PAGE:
Trademark or proof of authorization to use the commercial name

Bar code acquired from Mexican Association of Standards for Electronic Commerce (AMECE)

Federal Commission for the Protection against Sanitary Risks (COFEPRIS) of the Ministry of Health (SSA) issues the following certificates:

Free Export Certificate

Export Certificate

Certificate for export of conformity of good sanitary practices

Certificate for export of conformity with product analysis

Export authorization from the Ministry of Trade

The documents that prove to comply with non-tariff barriers

Commercial invoice

Packing list

Certificate of Origin

Phytosanitary Certificates from SENASICA (National Service of Health, Safety, and Agrifood Quality)

Exports Declaration

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Quality Control/Certification

What Are Quality Related Issues?

Most common quality related issues are regarding product development and remnants of agrosupplies such as pesticides, fungicides, fertilizers, and vitamins. Problems also arise on post harvest handling.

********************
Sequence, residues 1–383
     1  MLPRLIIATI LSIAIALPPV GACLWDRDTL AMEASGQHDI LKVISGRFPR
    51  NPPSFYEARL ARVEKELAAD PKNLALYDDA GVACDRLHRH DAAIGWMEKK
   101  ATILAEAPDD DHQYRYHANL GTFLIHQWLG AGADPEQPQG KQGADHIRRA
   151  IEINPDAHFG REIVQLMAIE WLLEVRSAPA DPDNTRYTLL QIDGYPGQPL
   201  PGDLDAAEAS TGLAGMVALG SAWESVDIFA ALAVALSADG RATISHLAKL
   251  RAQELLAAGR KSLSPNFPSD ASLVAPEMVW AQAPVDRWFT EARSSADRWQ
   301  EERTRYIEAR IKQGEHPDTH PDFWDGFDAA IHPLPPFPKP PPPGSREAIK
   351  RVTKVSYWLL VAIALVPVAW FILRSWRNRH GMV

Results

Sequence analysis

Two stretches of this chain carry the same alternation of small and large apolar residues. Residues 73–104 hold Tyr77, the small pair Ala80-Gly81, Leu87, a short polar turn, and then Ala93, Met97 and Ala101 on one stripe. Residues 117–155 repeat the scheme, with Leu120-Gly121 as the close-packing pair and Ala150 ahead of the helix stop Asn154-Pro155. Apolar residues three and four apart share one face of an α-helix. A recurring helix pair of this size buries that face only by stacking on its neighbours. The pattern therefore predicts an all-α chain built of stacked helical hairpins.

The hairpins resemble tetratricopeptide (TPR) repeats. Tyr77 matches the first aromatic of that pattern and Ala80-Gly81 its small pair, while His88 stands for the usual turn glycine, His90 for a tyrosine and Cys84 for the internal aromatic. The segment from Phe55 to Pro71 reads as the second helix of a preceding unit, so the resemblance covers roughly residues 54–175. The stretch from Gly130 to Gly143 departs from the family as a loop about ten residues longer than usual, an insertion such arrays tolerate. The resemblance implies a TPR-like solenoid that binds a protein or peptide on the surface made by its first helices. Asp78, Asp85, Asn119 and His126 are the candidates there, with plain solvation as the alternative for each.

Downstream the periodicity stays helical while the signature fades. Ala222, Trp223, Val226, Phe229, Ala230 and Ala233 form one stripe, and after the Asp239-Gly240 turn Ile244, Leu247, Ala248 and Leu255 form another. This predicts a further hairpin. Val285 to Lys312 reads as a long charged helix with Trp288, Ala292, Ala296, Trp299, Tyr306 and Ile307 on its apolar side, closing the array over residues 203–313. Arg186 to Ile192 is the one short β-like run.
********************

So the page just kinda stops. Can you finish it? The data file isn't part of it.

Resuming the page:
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What Is the Quality Check Process for Mexican Mangoes?

General quality check processes are incorporated in the following stages: farms and fruit development, harvest management, and logistics management (where temperature and controlled ATM are crucial). All these stages comply with HACCP.

-Internal Quality Checks: It is held during the selection and packing processes of samples.

-External Quality Checks: External verification units such as SENASICA, PrimusGFS, and Global GAP check the sample before shipments are loaded in containers and before the final departure. Moreover, SENASICA conducts due diligence on the farms and packinghouses annually, and licensed auditors inspect the farm and packinghouses for two weeks as well. For Mexican mangoes, 3rd party inspections are very common, and the fees related to auditing and certifications are paid by farmers/producers.

-Quality-Related Issues: Quality farm supervisor takes responsibility for harvest and packinghouse process-related quality claims, while other claims are handled by the suppliers through replacement policy during the next shipment or deducted from the remaining payment. 

There are quality regulations such as complying with local certificates such as SENASICA and NorMex, with global ones such as HACCP, PrimusGFS, Global GAP, BRC, SMETA; and USDA, USDA Organic, and FDA Registration (for the US Market).

Fresh Mango